“My generation of filmmakers, who were starting out just as DVD was becoming the dominant format, I think were very influenced by our relationship with that new way of looking at films with chapter selection and random access,” he said. “I think we started thinking of films and owning films more like books in a way. I don’t think it’s a coincidence that a lot of us at the time, myself included, started exploring various different narrative structures. I think the things are very related. I think my experience with home video has always informed my filming both narratively and technically.”
Nolan hailed the industry for expanding film viewing.
“Thank you to all of you for all the great work you do in positioning filmmakers like myself to be able to present our work to wider and wider audiences,” he said.
The 4K Ultra HD Summit focused on advancements in 4K UHD technology, increasing affordability of the technology, and widening availability of content.
“It’s about the splendors of the UHD format and what it does in delivering an experience to consumers that is beyond anything that they’ve experienced prior to this point in time,” said Michael Fidler, president of the UHD Alliance, in opening the inaugural summit.
“We’re really excited and bullish about 4K, the full 4K ecosystem, the TVs, the device players, the discs and of course the digital 4K movies as well,” said Amy Jo Smith, president and CEO of the DEG.
“4K UHD has really transformed the home viewing experience and clearly consumers are getting it,” said Bob Buchi, president, worldwide, Paramount Home Media Distribution. “Product sales are up 87% in comparison to the first three quarters of last year. There are now 42 million homes with a 4K UHD television, and in terms of content, there are now 392 titles available on Ultra HD Blu-ray Disc and 595 titles available on digital, so the numbers keep growing and for good reason.”
Buchi said Paramount, along with the other studios, is “really expanding the number of films from our library available on 4K UHD with HDR, including in our case, all of the films from the ‘Mission Impossible’ franchise.”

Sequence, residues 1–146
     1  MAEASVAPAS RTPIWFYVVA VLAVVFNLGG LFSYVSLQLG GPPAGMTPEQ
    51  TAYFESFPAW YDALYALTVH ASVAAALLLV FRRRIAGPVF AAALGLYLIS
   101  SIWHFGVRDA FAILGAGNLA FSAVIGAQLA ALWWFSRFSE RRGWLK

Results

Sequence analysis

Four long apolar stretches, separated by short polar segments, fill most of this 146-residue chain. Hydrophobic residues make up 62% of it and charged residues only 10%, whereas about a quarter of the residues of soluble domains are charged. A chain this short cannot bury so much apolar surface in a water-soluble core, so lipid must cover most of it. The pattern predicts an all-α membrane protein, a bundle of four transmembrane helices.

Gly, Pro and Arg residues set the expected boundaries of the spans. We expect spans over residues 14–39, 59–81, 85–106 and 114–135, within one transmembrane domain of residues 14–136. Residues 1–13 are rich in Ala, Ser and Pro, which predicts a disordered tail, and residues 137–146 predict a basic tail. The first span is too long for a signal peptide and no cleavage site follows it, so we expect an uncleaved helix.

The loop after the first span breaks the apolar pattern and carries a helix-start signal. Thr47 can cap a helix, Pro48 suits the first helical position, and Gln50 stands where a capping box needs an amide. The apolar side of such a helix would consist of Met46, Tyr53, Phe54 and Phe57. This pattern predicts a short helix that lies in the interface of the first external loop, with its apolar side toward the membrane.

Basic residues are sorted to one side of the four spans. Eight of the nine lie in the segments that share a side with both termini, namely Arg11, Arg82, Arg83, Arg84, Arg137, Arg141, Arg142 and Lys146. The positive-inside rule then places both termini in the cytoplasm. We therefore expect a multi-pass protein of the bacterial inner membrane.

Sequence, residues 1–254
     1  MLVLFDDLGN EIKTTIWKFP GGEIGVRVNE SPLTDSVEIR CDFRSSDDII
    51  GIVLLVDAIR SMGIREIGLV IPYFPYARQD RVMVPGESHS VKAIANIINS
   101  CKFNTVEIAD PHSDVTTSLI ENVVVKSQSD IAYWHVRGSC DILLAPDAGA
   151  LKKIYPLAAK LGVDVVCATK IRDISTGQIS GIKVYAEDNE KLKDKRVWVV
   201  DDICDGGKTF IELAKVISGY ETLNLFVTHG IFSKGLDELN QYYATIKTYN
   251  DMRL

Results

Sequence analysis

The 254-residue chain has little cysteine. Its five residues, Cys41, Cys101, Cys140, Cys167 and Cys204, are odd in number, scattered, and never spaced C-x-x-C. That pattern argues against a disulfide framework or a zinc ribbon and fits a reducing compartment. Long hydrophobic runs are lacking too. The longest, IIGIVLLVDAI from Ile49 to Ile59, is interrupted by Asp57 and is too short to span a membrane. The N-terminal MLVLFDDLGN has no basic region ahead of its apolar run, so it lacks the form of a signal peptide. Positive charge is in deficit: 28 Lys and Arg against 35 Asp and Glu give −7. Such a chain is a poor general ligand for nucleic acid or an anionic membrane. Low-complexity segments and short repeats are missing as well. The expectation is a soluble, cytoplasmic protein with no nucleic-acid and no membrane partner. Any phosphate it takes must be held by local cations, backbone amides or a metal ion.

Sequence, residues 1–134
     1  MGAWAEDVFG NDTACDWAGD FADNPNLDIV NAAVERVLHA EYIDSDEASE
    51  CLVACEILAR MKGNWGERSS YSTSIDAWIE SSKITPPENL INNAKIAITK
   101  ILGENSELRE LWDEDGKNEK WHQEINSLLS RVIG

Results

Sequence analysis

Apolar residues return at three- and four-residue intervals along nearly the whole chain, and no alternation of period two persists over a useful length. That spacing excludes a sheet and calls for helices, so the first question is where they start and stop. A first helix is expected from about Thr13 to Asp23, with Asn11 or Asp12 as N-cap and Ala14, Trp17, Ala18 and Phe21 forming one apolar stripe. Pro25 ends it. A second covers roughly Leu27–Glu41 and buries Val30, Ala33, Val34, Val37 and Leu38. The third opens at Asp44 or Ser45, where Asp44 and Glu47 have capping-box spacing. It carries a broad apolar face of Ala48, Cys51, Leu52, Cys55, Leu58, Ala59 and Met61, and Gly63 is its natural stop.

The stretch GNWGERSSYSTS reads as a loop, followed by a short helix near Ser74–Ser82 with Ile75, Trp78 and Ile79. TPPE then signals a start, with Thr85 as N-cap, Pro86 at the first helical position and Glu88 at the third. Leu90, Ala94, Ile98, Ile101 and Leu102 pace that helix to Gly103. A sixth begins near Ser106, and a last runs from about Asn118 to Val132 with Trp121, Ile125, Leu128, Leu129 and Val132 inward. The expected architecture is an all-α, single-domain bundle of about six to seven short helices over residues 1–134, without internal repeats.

The latest installment, Mission: Impossible — Fallout, debuts on the 4K UHD Blu-ray format Dec. 4.
“I can tell you, hands down, the best way to see it is on 4K will all of the bells and whistles,” he said.
The format also offers preservation capabilities, he noted.
“We’ve been using 4K to scan classic titles in our library for archival purposes,” he said. “In fact, Paramount has preserved over 1,000 films in 4K.”
That includes such classics as Grease, Nashville, Chinatown, To Catch a Thief and the original War of the Worlds, he said.
“I think the detail, the color and the light that the filmmakers left us from the original film elements have never been more vivid, and the creative genius from these filmmakers is really coming through,” Buchi said.
He said the 4K edition of Frank Capra’s It’s a Wonderful Life shows the Oscar-winning snow effect, an innovation from more than 70 years ago, “with greater detail and sharpness thanks to the innovation of 4K.”
“The success of the format really helps us deliver the content that better represents each filmmaker’s original vision,” he said.
Citing Nolan’s contribution to 4K UHD, Buchi said, “We worked with him on Interstellar, and I can tell you there’s no one who’s been a bigger and better champion for optimizing the home viewing experience.”